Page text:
October 22, 2018
In the future, we won’t be able to sidestep the ethical and policy issues linked to the use of technology, writes Lynn Pasquerella, so we must confront the question of how we best prepare students for it.
When the dystopian television drama Westworld, based on the 1973 Michael Crichton movie, premiered last season, no one anticipated that it would overtake Game of Thrones as the most watched first season of any HBO original series. Westworld is a futuristic theme park inhabited by robot hosts who are indistinguishable from their genetically human counterparts. Because they follow the rules of their programmers, the first of which is that “a robot may not injure a human being or, through inaction, allow a human being to come to harm,” visitors to Westworld may do to them “what people do when they think no one is watching.”
However, this cycle is broken when one of the robots begins gaining consciousness, signified by confronting a choice about whether to escape Westworld or return to find her daughter, trapped in a reality doomed to repeat itself. The series raises fascinating questions about the qualities of consciousness, the identity of persons, the compatibility of free will and determinism, and the nature and scope of morality. And the fact is, in the future, we will not be able to continue to sidestep the ethical and policy issues inextricably linked to the use of technology. Scientific advancements will render questions of free will and determinism and individual and social responsibility unavoidable.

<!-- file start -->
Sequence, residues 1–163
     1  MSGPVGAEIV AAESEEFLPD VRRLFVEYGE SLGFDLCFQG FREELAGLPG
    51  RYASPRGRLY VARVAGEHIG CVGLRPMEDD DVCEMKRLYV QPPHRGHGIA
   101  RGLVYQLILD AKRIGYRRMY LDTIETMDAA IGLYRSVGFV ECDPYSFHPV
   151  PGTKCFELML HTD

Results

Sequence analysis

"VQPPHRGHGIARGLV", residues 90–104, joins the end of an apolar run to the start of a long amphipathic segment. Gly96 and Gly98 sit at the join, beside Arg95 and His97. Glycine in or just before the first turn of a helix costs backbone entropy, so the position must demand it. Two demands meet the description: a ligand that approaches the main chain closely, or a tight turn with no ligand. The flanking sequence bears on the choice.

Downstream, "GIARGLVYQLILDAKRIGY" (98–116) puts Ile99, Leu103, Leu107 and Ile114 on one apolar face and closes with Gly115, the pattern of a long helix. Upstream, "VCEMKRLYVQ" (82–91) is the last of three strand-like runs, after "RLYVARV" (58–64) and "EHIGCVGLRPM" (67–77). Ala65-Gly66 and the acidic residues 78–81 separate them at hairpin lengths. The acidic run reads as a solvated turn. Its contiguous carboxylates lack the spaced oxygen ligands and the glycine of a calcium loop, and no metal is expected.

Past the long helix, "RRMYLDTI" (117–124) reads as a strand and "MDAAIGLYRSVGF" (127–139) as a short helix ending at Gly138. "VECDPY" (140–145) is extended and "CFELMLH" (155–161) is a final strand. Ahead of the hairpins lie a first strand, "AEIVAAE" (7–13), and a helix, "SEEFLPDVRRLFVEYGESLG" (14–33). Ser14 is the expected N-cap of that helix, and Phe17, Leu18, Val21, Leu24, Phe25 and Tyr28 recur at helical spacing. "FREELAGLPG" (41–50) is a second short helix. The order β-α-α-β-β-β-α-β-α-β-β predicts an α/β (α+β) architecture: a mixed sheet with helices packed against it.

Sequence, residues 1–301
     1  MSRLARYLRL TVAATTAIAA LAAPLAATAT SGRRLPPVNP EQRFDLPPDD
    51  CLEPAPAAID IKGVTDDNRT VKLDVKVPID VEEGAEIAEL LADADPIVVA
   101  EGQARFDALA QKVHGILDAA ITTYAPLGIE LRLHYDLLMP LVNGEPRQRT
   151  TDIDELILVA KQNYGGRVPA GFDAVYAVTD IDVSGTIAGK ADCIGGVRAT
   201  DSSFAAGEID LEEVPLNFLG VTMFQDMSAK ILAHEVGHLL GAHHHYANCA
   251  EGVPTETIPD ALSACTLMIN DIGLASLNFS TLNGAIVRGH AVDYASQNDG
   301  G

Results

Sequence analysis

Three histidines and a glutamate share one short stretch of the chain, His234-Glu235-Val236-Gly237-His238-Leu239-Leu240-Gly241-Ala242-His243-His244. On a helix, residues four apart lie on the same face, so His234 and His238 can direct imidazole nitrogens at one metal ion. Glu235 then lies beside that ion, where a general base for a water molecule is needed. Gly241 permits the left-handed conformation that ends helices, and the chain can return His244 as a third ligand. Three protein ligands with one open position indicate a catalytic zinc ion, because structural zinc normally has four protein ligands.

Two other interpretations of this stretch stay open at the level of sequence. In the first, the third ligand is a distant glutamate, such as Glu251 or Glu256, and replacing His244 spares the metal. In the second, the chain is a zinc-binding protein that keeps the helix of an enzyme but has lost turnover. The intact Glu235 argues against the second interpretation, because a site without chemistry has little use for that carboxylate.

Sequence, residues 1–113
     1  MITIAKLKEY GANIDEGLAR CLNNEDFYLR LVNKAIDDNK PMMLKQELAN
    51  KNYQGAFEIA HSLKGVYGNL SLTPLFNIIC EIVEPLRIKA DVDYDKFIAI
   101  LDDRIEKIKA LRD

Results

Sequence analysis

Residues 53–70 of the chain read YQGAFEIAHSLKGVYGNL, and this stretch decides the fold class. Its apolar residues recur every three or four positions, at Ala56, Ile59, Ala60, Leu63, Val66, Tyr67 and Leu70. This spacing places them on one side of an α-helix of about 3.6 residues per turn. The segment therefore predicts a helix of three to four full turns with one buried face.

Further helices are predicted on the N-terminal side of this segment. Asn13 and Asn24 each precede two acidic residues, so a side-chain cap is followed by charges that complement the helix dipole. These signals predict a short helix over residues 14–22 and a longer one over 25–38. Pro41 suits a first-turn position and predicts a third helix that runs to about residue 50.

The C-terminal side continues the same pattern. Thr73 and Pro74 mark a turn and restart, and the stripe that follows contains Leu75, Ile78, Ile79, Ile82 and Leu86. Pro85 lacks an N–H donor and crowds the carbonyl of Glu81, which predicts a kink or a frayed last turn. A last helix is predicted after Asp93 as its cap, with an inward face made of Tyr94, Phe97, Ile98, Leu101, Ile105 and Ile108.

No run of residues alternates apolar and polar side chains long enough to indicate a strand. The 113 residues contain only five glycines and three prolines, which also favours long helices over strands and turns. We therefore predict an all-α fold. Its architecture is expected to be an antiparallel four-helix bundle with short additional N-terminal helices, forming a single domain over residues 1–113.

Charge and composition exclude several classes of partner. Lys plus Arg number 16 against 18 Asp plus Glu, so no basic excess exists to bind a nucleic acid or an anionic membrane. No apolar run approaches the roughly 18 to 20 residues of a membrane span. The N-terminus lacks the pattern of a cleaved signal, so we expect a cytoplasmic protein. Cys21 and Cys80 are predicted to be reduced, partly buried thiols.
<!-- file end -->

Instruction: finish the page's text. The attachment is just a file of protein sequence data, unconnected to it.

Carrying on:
Henry Kissinger highlighted such philosophical conundrums in a recent piece in The Atlantic, lamenting that “in every way — human society is unprepared for the rise of artificial intelligence.” As an historian, he wondered “what would be the impact on history of self-learning machines — machines that acquired knowledge by processes particular to themselves, and applied that knowledge to ends for which there may be no category of human understanding.”